Highlight is the kirk cameron debate – hes a prizewining cretin.

    In the uk my fave show is a sunday morning bit of godbothering bottom fluff called the big questions where topics such as “is the devil real?” “Should gays marry” “Do angels exist” etc – its full of lunatics talking out of their arseholes and a few token normal people are there to be shouted down by the ass-hats of all religious denominations, and all the stereotypes are present in the panellists, the chrstians are weird and creepy, the jews are fat money obsessed loathsome and sleazy, the muslims guarded, strange, and you can tell they bite their lip when women talk over them or gays are mentioned!

    Its compelling car crash TV that is oblivious to how utterly shit it is. And no one EVER mentions how insane it all is!

    I never miss it!

    The intelligence squared debates are the best – bar none!

    This one is awesome, Stephen Fry rules!

  9. NeoWolfe says:

    Well, I’m about to anger all of you. In his book, “The God Delusion”, Richard Dawkins admits that he is a six out of seven atheist. Then, in an interview with Bill Maher changes it to a six point nine. He glibbly states that the doubt is based on the fact that he can’t prove that fairies and unicorns don’t exist.

    But, the real doubt exists on the horizon of science. The things we don’t know, and can’t explain, about the origin of the universe. For example, the weight of planet Earth can expressed in units of mass, but it’s almost mind blowing. Now, express the weight of the universe. Then imagine that it sprang out of nothing.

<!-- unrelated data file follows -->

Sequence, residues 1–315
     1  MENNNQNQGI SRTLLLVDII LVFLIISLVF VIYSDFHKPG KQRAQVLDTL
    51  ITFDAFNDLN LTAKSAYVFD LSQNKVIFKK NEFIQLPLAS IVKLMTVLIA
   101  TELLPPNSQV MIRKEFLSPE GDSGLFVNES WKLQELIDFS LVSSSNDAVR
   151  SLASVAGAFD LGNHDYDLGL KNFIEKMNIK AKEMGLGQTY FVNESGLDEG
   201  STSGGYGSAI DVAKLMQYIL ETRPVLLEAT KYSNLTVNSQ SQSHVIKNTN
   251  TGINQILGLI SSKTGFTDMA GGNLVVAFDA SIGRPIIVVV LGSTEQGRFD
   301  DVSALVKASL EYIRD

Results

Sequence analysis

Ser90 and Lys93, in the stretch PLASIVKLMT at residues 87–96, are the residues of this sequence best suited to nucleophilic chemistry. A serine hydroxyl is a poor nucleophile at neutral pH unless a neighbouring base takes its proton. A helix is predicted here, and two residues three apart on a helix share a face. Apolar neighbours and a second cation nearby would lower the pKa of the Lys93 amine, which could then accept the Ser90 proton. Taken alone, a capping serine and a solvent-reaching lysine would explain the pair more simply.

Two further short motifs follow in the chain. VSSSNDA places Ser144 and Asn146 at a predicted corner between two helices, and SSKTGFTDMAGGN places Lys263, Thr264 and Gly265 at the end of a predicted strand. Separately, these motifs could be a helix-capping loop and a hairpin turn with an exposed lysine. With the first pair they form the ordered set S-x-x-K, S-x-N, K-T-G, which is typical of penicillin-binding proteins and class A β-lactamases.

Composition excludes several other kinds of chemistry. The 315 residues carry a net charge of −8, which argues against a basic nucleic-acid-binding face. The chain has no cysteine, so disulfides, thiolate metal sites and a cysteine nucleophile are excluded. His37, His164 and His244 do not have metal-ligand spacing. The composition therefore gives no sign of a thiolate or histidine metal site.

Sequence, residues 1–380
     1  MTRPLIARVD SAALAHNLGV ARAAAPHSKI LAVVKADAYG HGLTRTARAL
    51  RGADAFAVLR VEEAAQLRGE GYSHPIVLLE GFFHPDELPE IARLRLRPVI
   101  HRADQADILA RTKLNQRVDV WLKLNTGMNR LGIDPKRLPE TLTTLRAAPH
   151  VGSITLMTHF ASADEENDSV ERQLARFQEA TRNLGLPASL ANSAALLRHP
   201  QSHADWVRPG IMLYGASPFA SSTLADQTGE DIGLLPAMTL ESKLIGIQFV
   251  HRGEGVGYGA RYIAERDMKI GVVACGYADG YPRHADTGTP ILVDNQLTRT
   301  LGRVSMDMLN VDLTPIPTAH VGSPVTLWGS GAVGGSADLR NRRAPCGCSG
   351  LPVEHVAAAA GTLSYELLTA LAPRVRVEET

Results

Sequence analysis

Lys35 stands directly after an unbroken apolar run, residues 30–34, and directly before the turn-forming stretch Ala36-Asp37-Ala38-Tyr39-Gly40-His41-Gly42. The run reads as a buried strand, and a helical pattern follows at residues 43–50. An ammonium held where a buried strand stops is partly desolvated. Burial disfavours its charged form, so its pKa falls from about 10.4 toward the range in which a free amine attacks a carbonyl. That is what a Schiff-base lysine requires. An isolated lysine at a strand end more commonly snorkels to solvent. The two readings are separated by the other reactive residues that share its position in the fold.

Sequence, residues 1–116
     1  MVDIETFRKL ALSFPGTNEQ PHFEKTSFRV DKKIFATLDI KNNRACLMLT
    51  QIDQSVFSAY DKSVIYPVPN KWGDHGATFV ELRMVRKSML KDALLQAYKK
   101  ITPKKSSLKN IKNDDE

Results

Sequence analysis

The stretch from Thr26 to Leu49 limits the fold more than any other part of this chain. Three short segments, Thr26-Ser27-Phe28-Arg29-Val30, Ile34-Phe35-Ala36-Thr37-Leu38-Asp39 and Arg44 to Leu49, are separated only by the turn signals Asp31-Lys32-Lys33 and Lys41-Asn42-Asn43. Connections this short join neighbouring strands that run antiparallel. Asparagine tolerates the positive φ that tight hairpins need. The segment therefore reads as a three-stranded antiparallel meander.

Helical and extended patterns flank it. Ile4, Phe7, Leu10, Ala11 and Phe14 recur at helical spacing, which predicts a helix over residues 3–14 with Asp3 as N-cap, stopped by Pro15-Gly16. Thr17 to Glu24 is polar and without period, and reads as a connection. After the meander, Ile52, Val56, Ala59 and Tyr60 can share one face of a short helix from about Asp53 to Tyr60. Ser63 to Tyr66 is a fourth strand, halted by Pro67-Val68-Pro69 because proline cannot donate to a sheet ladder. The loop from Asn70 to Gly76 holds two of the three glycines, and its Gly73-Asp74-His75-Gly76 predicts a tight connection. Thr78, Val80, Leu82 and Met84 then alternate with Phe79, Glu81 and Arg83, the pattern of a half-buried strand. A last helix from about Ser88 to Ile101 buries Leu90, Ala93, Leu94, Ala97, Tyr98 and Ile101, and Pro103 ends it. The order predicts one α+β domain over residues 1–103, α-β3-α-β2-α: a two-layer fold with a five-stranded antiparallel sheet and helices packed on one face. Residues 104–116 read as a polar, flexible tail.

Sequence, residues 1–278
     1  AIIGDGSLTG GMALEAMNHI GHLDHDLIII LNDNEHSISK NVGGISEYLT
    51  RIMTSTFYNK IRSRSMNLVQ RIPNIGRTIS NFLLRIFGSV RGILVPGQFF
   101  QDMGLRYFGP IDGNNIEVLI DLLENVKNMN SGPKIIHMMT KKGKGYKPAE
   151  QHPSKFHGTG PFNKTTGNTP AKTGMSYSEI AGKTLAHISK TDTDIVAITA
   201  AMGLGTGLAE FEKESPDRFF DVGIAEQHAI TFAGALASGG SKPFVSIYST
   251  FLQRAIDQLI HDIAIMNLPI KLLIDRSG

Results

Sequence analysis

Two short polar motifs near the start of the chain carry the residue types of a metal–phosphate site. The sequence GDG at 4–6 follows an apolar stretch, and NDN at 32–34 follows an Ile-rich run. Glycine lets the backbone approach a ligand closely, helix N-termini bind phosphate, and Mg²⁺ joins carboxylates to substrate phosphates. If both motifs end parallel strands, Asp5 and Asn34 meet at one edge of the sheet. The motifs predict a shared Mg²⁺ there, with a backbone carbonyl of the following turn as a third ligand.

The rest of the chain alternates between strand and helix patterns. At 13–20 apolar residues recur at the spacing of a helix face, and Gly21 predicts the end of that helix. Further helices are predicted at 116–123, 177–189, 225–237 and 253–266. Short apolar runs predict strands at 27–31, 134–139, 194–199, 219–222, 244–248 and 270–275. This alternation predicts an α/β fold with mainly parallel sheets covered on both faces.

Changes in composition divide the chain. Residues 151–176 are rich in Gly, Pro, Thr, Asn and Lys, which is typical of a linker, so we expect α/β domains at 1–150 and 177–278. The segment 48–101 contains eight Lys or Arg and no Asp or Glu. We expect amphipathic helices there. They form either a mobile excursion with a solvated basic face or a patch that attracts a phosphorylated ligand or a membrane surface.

You can burn a block of wood in a camp fire, and the energy that used to hold the atoms together is released as heat, but not a single atom is lost or created, they just change configuration. Those are the laws of chemistry. Nothing lost, nothing created.

    And while any freethinker knows that religion is mythical bullshit, so many questions remain about how the universe happened, that an open mind is still called for by any real skeptic.


  10. Broga says:

    @William Harwood. Margaret Mead: now there is a name that resonates with memories from my student days. This is the woman who was so brilliant that she was conned by the supposed “primitives” she was studying. Whatever she wanted they provided it. The whole farrago of nonsense was exposed later when the islanders said that they provided what she wanted to hear. I think she provided an explanation as to how the islanders escaped the “sturm and drang” of adolescent turmoil by a lifestyle they cooked up for her.

    Didn’t a priest get the £1 million one time from the Templeton outfit? Didn’t know Billy Graham got it. They must have overlooked that foaming-at-the mouth old ranter and raver “Dr” Iain Paisley.

  11. barriejohn says:

    Brother Roger(Taize): Cardinal Suenens: Tmomas Torrance: Lord Jakobovits: Charles Coulson: John Polkinghorne: and so it goes on, Broga!

    Full list here:

  12. Tim Danaher says:

    Still, at least the Templeton prize provides us wit h the entertaining spectacle of Frank Tipler coming out with his increasingly bizarre ‘The Physics of…” books (God, Immortality, etc) in a desperate attempt to grub for Templeton’s lucre. After all, his mate John Barrow won it by prostituting himself, so why not Frankie?

  13. shargraves says:

    @Neowolfe, mate, calm down dear. We know this.

    Maher is a bit of a dildo. Not too bright- just mouthy (and nasal) He believes in woo when it comes to medicine and vaccines.

    As for the origin of the universe – We are looking into it. Rationally and purposefully, at places like CERN.

    Infinitely more rational, methodical and 100% more reliable than the awful superstitous wank, shat out verbally by cave welling religidiots of all denominations, and still propogated by evil or stupid people today. We’ll get there.

  14. Broga says: